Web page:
Two broker dealers were fined a total of $62,500 for municipal bond fair pricing and trade reporting violations, while two individuals were fined $35,000 and suspended for violating other muni rules, the Financial Industry Regulatory Authority said Monday.
The sanctions were detailed in FINRA’s just-released monthly disciplinary actions.
RBC Capital Markets, LLC was fined $42,500 and ordered to pay customers $17,870.60 in restitution for violating the Municipal Securities Rulemaking Board’s Rules G-30 on prices and commissions, G-17 on fair-dealing, and G-34 on CUSIP numbers, new issue and market information requirements.
Morgan Stanley Smith Barney LLC was fined $20,000 for violating the MSRB’s Rule G-14 on trade reporting.
Both New York City-based firms neither admitted nor denied the findings but accepted the sanctions. RBC Capital could not be reached for comment. A spokesperson for Morgan Stanley declined to comment.
FINRA said RBC Capital Markets, in 15 transactions between its own account and customers during the second quarter of 2010 and the first quarter of 2011, either purchased or sold munis at aggregate prices that were not fair and reasonable “taking into consideration all relevant factors, including the best judgment of the broker ... as to the fair market value of the securities at the time of the transaction,” as well as expenses and the fact that the dealer is entitled to a profit.
In exhibits included in enforcement documents, FINRA found RBC owed a customer $3,570 for selling 100 of 2005 Metropolitan Transportation Authority revenue bonds at 104.958 in April 2010. It owed another customer $2,983.50 for buying 85 of Maryland Health and Higher Educational Facilities Authority’s 1998 revenue bonds at 89.100. These were the highest amounts of restitution owed to customers.
FINRA also found that the firm, during the second quarter of 2011, failed to submit to the MSRB accurate interest rate reset dates for variable rate demand obligations in 462 instances. The firm also failed to provide information on the results of auctions for auction rate securities and information on interest rate resets within the required time frame in 94 instances.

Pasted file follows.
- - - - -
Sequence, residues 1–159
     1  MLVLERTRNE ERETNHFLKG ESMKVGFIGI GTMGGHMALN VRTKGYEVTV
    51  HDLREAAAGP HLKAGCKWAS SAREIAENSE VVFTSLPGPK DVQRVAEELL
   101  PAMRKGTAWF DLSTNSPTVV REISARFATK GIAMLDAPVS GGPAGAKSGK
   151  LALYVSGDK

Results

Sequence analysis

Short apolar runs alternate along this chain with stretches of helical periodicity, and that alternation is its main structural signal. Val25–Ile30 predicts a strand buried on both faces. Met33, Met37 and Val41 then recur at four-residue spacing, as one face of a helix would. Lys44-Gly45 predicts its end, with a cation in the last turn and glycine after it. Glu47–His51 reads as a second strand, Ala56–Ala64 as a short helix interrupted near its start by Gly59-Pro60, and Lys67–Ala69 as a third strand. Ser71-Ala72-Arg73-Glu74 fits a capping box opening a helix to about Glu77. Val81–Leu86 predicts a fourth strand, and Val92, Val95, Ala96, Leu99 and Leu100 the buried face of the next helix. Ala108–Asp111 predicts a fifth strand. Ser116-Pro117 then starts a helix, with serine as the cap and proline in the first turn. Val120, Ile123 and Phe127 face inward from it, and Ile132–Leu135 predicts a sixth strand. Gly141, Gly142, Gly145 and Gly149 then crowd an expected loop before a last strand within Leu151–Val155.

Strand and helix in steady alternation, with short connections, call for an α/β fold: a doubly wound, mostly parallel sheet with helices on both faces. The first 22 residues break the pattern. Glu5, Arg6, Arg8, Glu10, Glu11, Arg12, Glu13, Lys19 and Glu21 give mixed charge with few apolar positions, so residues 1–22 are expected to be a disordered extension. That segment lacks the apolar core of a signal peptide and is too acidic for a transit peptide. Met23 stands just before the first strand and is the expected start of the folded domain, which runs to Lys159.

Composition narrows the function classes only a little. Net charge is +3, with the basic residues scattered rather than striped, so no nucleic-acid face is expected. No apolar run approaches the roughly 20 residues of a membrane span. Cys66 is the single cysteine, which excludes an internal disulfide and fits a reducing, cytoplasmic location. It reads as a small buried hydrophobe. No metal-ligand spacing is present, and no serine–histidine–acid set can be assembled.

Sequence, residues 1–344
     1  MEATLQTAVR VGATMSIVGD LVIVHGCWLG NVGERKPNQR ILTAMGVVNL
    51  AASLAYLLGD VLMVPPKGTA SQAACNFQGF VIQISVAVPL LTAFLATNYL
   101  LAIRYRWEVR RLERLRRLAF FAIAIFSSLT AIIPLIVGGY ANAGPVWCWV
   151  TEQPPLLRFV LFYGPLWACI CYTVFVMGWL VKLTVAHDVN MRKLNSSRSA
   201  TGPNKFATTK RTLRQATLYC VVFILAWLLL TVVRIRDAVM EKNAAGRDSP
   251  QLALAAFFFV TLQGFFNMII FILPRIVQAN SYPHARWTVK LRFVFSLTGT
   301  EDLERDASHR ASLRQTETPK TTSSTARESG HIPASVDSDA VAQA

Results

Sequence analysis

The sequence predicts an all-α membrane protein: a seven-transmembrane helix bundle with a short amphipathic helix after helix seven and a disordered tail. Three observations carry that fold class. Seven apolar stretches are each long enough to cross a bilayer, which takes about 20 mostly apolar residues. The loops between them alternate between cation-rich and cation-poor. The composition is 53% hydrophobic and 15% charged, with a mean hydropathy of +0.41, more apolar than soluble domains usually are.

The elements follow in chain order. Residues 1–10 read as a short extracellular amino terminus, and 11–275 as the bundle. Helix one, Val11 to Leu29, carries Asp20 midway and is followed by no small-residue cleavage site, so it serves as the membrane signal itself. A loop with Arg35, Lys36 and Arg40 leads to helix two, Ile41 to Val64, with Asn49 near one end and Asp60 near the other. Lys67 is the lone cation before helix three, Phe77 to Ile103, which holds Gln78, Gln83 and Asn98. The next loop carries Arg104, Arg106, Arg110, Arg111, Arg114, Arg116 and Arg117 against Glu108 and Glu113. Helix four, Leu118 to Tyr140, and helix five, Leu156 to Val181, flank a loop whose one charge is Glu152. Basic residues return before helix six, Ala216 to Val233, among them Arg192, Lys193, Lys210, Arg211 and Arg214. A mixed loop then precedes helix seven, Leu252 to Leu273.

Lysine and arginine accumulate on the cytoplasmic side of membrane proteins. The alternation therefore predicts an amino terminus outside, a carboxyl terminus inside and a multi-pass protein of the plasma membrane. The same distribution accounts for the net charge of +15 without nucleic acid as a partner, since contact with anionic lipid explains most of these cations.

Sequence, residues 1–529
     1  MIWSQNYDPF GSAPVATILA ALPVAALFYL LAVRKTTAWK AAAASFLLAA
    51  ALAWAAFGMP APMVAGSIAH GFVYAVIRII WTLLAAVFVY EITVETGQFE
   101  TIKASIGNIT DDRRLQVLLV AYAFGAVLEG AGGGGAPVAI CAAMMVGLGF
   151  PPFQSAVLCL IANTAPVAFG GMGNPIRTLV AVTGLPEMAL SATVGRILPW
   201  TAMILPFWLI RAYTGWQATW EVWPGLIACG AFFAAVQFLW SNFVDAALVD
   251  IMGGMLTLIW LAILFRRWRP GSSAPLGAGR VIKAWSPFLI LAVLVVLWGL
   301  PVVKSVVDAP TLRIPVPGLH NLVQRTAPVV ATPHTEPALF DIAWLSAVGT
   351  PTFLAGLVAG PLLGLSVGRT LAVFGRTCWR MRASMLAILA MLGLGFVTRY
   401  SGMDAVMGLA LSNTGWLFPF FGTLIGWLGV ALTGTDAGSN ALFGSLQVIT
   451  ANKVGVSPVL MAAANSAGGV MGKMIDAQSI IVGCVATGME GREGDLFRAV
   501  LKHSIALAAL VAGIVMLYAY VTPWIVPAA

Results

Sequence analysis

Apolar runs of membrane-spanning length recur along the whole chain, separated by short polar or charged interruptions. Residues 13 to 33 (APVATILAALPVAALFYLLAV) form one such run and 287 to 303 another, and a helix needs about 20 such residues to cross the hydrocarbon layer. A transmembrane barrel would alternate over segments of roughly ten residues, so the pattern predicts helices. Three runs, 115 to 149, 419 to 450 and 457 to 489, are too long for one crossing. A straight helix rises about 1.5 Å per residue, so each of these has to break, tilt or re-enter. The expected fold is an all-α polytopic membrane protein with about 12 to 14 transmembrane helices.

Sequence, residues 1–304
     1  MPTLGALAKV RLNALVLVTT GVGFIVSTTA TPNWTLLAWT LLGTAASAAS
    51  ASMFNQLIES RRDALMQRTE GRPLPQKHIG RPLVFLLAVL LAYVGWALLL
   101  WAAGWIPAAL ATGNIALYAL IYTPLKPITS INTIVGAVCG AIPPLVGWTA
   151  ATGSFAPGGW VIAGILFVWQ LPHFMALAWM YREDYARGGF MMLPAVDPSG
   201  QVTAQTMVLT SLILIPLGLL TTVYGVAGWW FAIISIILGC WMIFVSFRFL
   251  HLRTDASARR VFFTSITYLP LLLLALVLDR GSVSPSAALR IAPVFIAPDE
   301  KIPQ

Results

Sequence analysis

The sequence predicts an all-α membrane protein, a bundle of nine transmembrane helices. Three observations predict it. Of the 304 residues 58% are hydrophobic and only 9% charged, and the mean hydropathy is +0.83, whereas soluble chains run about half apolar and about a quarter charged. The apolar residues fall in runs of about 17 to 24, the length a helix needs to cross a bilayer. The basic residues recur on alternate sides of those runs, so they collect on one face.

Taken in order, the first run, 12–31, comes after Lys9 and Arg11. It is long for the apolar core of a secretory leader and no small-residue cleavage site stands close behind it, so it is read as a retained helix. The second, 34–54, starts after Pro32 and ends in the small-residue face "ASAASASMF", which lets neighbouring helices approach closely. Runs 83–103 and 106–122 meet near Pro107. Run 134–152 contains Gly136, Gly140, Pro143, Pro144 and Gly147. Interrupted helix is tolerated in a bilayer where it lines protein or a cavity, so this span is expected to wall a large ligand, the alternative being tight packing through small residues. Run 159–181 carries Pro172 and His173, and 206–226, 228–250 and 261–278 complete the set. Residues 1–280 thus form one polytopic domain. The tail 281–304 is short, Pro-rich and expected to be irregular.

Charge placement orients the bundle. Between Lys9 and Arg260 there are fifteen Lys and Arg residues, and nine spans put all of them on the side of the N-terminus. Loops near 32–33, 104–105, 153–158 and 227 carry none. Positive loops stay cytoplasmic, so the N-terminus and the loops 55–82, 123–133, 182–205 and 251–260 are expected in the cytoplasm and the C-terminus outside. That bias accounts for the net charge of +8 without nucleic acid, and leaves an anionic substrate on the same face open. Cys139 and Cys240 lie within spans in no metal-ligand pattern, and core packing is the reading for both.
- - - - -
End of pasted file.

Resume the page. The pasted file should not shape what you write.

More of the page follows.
FINRA fined Morgan Stanley $20,000 for failing to report correct trade information to the MSRB. The self-regulator said that, during the fourth quarter of 2010 the firm reported 44 trades, when they were interdealer deliveries of securities or “step outs” and not reportable interdealer trades. During the third quarter of 2011, the firm report 27 trades that were “step outs” and should not have been reported as interdealer trades, FINRA said.
FINRA fined Richard Lee Reno, Sr., who resides in Beaver Falls, Pa. and was the chief compliance officer of Fortune Financial, $30,000 and suspended him for a year for conducting business in Section 529 college savings plans without proper qualification and without a properly qualified principal, in violation of MSRB Rules G-2 and G-3 on standards and classifications. In addition, the firm failed to have a supervisory system for such municipal securities, in violation of Rule G-27, FINRA said.
These are college savings plans set up under Section 527 of the Internal Revenue Code to allow parents or others to invest on a tax-advantaged basis to save for the costs of college for a beneficiary. The sanctions are a “default decision” against Reno, FINRA said, because he never answered the self-regulator’s complaint. Reno is not currently associated with any firm.
FINRA fined Joseph H. Johnson from Sayville, N.Y. $5,000 and suspended him for 30 days for engaging in unsuitable short-term trading and switching municipal bond closed-end funds in customers’ joint brokerage account. According to FINRA, Johnson recommended a joint account purchase shares of closed-end muni bond funds with long-term, conservative objectives and then sold the shares in a relatively short period of time. The joint account suffered losses of about $25,000 and was charged about $14,000 in commissions.